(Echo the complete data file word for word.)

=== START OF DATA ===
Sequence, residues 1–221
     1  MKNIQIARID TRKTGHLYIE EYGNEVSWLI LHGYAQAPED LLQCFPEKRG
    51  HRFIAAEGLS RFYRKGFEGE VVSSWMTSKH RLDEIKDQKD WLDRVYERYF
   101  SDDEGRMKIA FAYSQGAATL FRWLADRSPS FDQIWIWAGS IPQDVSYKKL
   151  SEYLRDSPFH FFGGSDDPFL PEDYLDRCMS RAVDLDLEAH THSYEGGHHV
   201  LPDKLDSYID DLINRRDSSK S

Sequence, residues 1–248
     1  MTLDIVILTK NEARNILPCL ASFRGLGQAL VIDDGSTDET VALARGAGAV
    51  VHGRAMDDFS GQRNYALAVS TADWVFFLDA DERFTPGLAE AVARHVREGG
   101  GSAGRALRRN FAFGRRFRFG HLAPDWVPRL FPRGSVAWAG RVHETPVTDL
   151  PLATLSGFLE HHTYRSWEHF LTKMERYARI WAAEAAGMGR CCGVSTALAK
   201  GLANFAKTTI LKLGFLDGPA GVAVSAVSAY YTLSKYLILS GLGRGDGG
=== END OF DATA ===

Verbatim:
Sequence, residues 1–221
     1  MKNIQIARID TRKTGHLYIE EYGNEVSWLI LHGYAQAPED LLQCFPEKRG
    51  HRFIAAEGLS RFYRKGFEGE VVSSWMTSKH RLDEIKDQKD WLDRVYERYF
   101  SDDEGRMKIA FAYSQGAATL FRWLADRSPS FDQIWIWAGS IPQDVSYKKL
   151  SEYLRDSPFH FFGGSDDPFL PEDYLDRCMS RAVDLDLEAH THSYEGGHHV
   201  LPDKLDSYID DLINRRDSSK S

Sequence, residues 1–248
     1  MTLDIVILTK NEARNILPCL ASFRGLGQAL VIDDGSTDET VALARGAGAV
    51  VHGRAMDDFS GQRNYALAVS TADWVFFLDA DERFTPGLAE AVARHVREGG
   101  GSAGRALRRN FAFGRRFRFG HLAPDWVPRL FPRGSVAWAG RVHETPVTDL
   151  PLATLSGFLE HHTYRSWEHF LTKMERYARI WAAEAAGMGR CCGVSTALAK
   201  GLANFAKTTI LKLGFLDGPA GVAVSAVSAY YTLSKYLILS GLGRGDGG